Richard Bourne closes his book, Seek The Peace Of The City, with a subsection on “Confinement.”  Bourne’s book, among other things, is an attempt to develop a radical Christian critique of political engagement.  He summons to his defense an impressive array of characters, from Foucault to Gramsci, MacIntyre to Zizek and Naomi Klein to Jurgen Habermas. 

Concluding with a section on “Confinement” proves to be a prescient move for Bourne, displaying his acumen and understanding of political issues beyond the traditional scope of theology.  In a word, Bourne refreshingly goes where few theologians dare to tread, at least insofar as a publication and bibliography goes.

I say Bourne’s “Confinement” section is prescient because it’s also one of the key issues that Zizek settles on in his recent book, First As Tragedy, Then As Farce, although instead of confinement Zizek speaks of “the new forms of apartheid” of the gap between the included and the excluded.  Bourne writes that the logic of consumerism creates “a ferocious form of confinement and exclusion – one dramatically at odds with the eucharistic logic of economic solidarity” (294).  In this instance, there’s nothing particular new that Bourne is saying here; however, when he seeks to define the form this exclusion takes his argument grows more pronounced.  For Bourne, the confinement of the excluded on economic grounds is not simply insecure employment or credit issues, but the very logic of the production process itself, a point that Zizek highlights.  “Most of the excluded are not confined a priori, nor do they opt out through an act of will; they are produced through the fabrication of desire” (294).  Bourne uses crime as an example to highlight this point:

In the social order of late modern capitalism, Young claims, “[c]rime occurs where there is cultural inclusions and structural exclusion.”  There is a remarkable assimilative power to the logic of desire.  The American, or, with some differences, the European “dream” performs the function of cultural inclusion.  Yet crime’s relation to structural exclusion is not only found in the isolation arising from the inability of the poor to attain the goals and aspirations set for them by this vision.  As the supposedly meritocratic society remains blind to the dynamics of class and racial inequality, so crimes appears in the creation of subcultures that invert, yet remain steadfastly guided by, the values of competition and self-reliance.  The final moment of the bulimic process, when the offending “others” are more fully expunged, occurs through the likes of “zero-tolerance” initiatives and ever-increasing levels of imprisonment – both of which disproportionately affect those on the wrong side of racial, educational, and class divisions” (295).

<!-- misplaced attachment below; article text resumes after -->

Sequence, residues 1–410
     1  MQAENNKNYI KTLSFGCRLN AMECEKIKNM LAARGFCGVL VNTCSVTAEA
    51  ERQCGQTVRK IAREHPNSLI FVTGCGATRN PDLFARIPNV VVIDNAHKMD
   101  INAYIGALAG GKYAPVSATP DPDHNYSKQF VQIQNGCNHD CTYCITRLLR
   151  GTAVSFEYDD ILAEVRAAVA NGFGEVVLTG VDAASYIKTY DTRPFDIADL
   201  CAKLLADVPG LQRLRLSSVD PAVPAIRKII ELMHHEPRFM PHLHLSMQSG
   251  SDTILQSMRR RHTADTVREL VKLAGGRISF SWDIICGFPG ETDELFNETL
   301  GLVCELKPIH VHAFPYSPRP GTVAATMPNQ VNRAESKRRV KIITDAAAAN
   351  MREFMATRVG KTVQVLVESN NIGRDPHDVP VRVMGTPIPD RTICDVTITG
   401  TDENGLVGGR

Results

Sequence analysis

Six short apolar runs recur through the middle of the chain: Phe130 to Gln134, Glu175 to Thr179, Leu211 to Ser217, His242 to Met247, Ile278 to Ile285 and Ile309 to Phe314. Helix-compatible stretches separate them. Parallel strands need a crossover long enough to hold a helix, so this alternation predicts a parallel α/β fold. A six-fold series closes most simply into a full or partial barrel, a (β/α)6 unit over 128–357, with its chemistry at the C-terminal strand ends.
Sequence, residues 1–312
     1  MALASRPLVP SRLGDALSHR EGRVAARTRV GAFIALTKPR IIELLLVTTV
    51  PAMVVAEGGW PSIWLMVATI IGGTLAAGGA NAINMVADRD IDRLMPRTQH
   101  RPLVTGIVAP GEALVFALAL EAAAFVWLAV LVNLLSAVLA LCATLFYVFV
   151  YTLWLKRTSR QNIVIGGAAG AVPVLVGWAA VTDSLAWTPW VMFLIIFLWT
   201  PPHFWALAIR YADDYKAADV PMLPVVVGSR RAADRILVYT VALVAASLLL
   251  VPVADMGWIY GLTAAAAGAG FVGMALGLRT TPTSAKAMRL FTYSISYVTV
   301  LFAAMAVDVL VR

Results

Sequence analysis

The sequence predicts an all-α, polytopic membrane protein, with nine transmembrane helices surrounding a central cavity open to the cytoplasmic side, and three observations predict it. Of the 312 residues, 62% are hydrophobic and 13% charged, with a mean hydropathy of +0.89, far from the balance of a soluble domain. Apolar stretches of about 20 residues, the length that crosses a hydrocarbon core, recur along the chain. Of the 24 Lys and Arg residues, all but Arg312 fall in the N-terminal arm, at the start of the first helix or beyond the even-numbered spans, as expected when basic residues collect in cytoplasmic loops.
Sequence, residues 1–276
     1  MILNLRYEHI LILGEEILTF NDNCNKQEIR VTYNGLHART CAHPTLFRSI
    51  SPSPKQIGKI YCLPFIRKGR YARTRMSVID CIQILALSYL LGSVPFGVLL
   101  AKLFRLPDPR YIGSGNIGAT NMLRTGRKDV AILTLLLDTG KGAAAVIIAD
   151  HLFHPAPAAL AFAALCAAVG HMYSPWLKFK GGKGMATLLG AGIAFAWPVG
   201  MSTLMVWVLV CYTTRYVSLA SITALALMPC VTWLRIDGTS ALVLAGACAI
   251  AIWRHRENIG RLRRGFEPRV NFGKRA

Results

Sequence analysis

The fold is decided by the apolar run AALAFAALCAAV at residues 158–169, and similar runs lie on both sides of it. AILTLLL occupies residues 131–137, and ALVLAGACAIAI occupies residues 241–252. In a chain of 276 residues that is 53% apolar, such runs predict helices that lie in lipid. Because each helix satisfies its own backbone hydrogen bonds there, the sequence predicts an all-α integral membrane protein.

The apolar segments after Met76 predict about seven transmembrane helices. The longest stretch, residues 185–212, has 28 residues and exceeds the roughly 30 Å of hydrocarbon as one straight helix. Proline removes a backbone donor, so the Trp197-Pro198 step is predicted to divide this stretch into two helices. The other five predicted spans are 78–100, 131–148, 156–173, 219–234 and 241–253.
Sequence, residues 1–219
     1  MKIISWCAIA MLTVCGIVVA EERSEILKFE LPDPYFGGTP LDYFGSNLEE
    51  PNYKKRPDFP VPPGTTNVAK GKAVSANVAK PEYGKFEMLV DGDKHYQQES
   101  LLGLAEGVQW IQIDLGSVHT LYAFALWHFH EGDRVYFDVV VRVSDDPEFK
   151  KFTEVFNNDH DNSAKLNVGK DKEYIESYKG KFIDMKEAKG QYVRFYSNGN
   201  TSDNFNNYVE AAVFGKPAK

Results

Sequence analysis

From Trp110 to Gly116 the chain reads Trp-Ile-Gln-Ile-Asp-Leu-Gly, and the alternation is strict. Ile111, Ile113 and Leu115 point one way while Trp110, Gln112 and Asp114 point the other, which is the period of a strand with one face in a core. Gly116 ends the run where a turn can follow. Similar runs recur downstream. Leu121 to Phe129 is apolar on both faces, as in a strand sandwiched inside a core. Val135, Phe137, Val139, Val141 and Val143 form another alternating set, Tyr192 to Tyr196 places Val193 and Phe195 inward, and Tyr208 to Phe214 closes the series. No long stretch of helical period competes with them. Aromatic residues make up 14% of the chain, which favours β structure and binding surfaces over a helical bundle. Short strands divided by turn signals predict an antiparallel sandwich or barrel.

In a manner not completely unrelated to crime, Zizek speaks of the plight of undocumented workers.   An undocumented worker has “no legal status, so that, if he is noticed at all, it is as a dark external threat to our way of life; but once one gets his papers and his status is legalized, he again ceases to exists properly, since he becomes invisible in his specific situation.  In a way, he becomes even more invisible once legalized: he is no longer a dark threat, but is fully normalized, drowned in the indistinct crowd of citizens” (118-9).

Although recognizing the common threat, I think Bourne has the upper hand on Zizek, in that ecclesial politics can think and imagine a viable political community that not only makes claims of solidarity and justice, but also actively participates with them (but this is only to replay Milbank’s criticism of Zizek and this is not to say that Zizek is somehow unparticipatory).   Quoting Yoder, Bourne reminds us that we do not simply love our neighbor because we are told to do this, but because God is like that (136).  Of course, this is another conversation altogether.